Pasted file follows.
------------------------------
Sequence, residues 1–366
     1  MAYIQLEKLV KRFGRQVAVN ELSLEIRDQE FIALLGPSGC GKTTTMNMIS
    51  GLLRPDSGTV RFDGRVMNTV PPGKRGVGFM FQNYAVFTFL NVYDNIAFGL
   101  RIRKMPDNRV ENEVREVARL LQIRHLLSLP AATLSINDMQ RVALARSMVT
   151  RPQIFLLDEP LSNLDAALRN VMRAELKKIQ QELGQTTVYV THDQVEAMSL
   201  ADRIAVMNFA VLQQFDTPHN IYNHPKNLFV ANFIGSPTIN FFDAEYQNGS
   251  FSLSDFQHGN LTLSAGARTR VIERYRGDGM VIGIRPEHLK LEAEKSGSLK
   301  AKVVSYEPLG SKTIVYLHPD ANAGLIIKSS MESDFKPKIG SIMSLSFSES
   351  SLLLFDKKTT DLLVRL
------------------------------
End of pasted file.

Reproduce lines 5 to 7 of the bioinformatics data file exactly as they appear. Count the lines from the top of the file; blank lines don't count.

   151  RPQIFLLDEP LSNLDAALRN VMRAELKKIQ QELGQTTVYV THDQVEAMSL
   201  ADRIAVMNFA VLQQFDTPHN IYNHPKNLFV ANFIGSPTIN FFDAEYQNGS
   251  FSLSDFQHGN LTLSAGARTR VIERYRGDGM VIGIRPEHLK LEAEKSGSLK